USDA is responding to farmers and ranchers who suffered damage to working lands and livestock mortality because of Hurricane Florence. Producers are encouraged to sign up for the Environmental Quality Incentives Program (EQIP). USDA is holding a special signup through the Natural Resources Conservation Service (NRCS) for agricultural livestock mortality and carcass disposal. NRCS offices in North Carolina and South Carolina are accepting applications for assistance. Farmers and ranchers that suffered damage to working lands and livestock mortality because of the hurricane are encouraged to contact their local NRCS office.
Conservation practices also available through EQIP can address flood and wind damage, excessive runoff that is causing hurricane-related natural resource concerns and provide protection from exceptional storm events in the future.
In addition, FDA’s Guidance for Industry: Evaluating the Safety of Flood-Affected Food Crops for Human Consumption provides the information that producers can use as they assess damage to their food crops. This guidance is an important resource for the growers who produce and market these crops, as they are responsible for assuring the safety of flood-affected food crops for human consumption.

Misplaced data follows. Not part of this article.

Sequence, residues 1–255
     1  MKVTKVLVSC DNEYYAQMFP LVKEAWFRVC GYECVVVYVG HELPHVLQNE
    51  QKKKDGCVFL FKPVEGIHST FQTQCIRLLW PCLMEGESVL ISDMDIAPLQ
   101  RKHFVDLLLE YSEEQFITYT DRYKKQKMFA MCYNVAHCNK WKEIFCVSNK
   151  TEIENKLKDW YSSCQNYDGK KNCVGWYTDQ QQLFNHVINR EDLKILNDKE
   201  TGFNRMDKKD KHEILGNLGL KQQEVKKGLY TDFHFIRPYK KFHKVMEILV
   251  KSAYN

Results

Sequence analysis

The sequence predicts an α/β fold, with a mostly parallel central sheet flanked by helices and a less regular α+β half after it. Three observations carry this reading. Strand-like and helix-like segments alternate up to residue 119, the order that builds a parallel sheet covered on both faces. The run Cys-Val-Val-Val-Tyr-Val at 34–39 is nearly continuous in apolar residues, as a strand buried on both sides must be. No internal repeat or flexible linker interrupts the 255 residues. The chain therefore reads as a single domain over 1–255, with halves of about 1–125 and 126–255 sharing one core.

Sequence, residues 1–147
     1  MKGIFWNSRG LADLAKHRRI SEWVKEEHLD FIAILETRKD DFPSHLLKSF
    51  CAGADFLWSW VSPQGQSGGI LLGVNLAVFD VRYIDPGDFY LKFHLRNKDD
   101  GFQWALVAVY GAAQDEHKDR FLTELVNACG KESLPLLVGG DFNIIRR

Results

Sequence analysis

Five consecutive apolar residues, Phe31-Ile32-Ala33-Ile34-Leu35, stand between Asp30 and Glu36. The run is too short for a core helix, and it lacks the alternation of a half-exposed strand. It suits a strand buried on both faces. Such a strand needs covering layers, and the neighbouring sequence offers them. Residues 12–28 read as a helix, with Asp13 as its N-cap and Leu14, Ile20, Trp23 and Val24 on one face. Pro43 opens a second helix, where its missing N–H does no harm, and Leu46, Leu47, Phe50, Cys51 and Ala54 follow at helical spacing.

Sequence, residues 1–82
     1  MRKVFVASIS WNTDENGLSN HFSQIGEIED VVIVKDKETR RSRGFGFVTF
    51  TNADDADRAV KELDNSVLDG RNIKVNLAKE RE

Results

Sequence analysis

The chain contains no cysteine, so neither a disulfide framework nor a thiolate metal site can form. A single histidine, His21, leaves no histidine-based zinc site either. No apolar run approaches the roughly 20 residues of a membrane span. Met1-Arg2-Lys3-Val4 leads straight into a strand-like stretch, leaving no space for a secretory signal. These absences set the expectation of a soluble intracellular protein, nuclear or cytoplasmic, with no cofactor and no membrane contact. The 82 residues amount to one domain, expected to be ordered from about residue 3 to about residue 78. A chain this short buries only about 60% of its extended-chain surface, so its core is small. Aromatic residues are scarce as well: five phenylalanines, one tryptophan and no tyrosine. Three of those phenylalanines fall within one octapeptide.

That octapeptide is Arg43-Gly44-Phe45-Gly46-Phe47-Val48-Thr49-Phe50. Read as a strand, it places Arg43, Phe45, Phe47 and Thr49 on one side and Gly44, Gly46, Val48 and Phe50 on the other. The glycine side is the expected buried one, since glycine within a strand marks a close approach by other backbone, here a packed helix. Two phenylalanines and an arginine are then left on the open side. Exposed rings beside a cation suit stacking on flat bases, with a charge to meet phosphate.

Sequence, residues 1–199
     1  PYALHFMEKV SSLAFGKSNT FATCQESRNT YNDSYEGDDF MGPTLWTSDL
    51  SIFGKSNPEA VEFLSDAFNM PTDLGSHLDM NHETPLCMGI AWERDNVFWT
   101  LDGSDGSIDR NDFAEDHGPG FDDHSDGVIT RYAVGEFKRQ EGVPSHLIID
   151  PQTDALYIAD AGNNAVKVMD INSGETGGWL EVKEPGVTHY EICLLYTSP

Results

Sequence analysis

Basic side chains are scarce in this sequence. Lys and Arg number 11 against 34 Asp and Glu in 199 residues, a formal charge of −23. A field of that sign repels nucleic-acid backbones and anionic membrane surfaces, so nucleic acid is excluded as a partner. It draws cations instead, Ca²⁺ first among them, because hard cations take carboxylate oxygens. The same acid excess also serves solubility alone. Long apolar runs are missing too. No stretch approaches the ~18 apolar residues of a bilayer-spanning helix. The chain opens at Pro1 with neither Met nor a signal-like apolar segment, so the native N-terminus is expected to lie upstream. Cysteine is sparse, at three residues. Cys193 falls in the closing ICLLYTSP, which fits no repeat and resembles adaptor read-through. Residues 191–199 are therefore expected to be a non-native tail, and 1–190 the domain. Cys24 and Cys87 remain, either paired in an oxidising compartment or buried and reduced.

The FDA reminds harvesters that generally, if the edible portion of a crop is exposed to contaminated flood waters, it is considered “adulterated” under the Federal, Food, Drug, and Cosmetic Act and should not enter the human food supply. This applies to all food crops including underground crops (e.g., peanuts, potatoes). For crops that were in or near flooded areas but where flood waters did not contact the edible portions of the crops, the growers should evaluate the safety of the crops for human consumption on a case-by-case basis for possible food safety concerns.
Sometimes, crops that have been harvested and then subsequently deemed unsuitable for human use can be salvaged for animal food. For more information please see CVM Update: Resources for Animal Food Producers in Flooded Areas.